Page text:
Epilepsy and Seizures: Conditions We Treat

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Your brain comprises billions of neurons – nerve cells that process and transmit information by interacting with each other. These interactions can be observed and assessed through an electroencephalogram (EEG).

Most neuron interactions occur with few disruptions. Occasionally, small neuron misfires may occur with little consequences. Yet sometimes multiple cells misfire at the same time – depending on the severity and location in the brain. This is a seizure: a sudden, disorganizes electrical discharge in the brain causing muscle twitches and spasms, changes in sensation, mood, behavior or thought, or altered consciousness.

Epilepsy vs Seizures

A seizure is a single occurrence, whereas epilepsy is a neurological condition characterized by two or more unprovoked seizures.

Types of Seizures and Epilepsy

Learn more about diagnosis of epilepsy and various types of seizures, including

  • Focal seizures and focal epilepsy
  • Generalized seizures
  • Myoclonic seizures
  • Tonic and clonic seizures
  • Tonic-clonic (grand mal) seizures
  • Epilepsy syndromes in children, including benign Rolandic epilepsy

Learn More About Common Seizures

Some of the common types of seizures are described below.

Generalized Tonic Clone Seizures (Grand Mal Seizures)

Generalized Tonic Clonic, or Grand Mal seizures, are what most people think of when they hear about seizures. Although it may seem very long, most grand mal seizures last less than two minutes.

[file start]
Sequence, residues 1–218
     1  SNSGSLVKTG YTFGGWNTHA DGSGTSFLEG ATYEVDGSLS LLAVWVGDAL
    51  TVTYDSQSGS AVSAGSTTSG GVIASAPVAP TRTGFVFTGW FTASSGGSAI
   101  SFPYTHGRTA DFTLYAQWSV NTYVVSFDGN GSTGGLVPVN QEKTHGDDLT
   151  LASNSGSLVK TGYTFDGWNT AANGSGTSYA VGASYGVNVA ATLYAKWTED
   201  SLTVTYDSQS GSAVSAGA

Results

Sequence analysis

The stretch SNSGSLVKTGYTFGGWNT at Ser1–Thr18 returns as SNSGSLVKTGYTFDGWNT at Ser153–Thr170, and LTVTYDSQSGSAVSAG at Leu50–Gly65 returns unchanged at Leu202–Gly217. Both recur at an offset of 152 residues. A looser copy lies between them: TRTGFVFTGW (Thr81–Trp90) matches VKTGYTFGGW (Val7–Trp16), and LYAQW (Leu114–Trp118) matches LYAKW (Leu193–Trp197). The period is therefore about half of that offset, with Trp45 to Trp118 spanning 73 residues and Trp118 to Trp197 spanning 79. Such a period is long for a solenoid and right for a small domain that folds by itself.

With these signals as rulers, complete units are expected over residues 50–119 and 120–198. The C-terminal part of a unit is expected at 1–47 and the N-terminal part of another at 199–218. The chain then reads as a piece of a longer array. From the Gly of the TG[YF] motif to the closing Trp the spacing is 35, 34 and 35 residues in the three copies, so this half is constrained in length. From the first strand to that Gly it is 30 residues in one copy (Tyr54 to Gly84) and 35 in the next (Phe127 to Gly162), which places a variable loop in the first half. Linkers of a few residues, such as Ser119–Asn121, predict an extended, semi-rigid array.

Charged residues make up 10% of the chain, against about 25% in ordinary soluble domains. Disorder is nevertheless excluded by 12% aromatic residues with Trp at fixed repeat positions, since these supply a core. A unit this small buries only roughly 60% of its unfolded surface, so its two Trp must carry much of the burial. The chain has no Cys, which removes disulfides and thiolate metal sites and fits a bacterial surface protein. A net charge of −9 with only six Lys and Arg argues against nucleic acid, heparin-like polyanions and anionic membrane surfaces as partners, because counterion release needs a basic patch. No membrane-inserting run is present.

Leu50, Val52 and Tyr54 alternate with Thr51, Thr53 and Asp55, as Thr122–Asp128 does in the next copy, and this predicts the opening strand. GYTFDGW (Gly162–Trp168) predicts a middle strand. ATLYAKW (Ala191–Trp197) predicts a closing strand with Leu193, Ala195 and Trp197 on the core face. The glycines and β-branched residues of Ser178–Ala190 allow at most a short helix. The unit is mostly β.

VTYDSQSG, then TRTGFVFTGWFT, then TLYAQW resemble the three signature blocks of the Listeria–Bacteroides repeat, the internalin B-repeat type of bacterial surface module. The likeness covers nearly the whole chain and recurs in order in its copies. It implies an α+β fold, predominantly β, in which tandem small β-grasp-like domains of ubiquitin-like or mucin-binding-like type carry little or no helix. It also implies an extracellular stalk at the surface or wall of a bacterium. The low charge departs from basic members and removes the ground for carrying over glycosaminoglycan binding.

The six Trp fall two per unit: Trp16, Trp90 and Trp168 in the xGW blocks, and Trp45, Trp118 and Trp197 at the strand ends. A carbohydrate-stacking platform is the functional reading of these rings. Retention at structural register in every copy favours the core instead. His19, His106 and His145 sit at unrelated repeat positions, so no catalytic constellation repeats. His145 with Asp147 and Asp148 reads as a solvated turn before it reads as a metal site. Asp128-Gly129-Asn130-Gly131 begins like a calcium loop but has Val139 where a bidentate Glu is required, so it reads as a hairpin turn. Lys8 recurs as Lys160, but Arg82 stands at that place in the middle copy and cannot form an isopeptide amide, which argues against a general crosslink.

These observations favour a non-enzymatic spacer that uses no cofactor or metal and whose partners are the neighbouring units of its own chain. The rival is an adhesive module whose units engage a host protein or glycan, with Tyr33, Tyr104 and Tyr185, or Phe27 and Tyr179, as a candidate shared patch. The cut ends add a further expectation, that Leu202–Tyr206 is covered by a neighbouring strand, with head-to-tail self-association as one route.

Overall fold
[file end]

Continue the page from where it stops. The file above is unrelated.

During Grand Mal seizures, the patient loses awareness, manifests a tightening and contraction of all the muscles of the body, groans, and may show labored respirations. This is followed by a jerking of muscles which gradually slows down and stops, leaving the patient in an exhausted and unarousable state for several minutes. This state of exhaustion is referred to as the post-ictal state.

Generalized Grand Mal seizures are physically violent and could result in falls and injury. If you are witnessing such a grand mal event, it is important to lay the patient on a flat surface and place them on his or her side.

Do not attempt to open a seizing person’s mouth as this is more likely to injure you or the patient or result in aspiration of the object into their lungs. A common myth about grand mal seizures is that the patient may “swallow their tongue.” This never occurs.

Absence Seizures

Absence seizures are also known as “petit mal” seizures. These are more common in children and consist of brief episodes of staring. Unlike Grand Mal seizures, they are often brief (five to 20 seconds) and occur multiple times each day. Children with absence seizures may be mistakenly thought to be “daydreamers” in school. 50 to 70 percent of patients “outgrow” absence seizures by late adolescence.

Partial (Focal) Seizures

Partial seizures are one of the most common types of seizures which involve a part of the brain. Most often they arise from the temporal lobe, however, they can also begin in the frontal, occipital and parietal lobes. The patient may cease their activity, stare, engage in semipurposive activity like lip smacking, chewing, swallowing, picking at their clothes or other objects.

They may or may not interact with or be aware of their surroundings. This may result in confusion, combativeness or wandering about, putting them at risk for sustaining injuries. As an observer, it is important that one maintain a cool and calm demeanor while preventing the patient from experiencing any harm.

If they spread to involve a large enough area of the brain, partial seizures can turn into a generalized tonic-clonic seizure. So it is possible for a patient to have both types of seizures.

 

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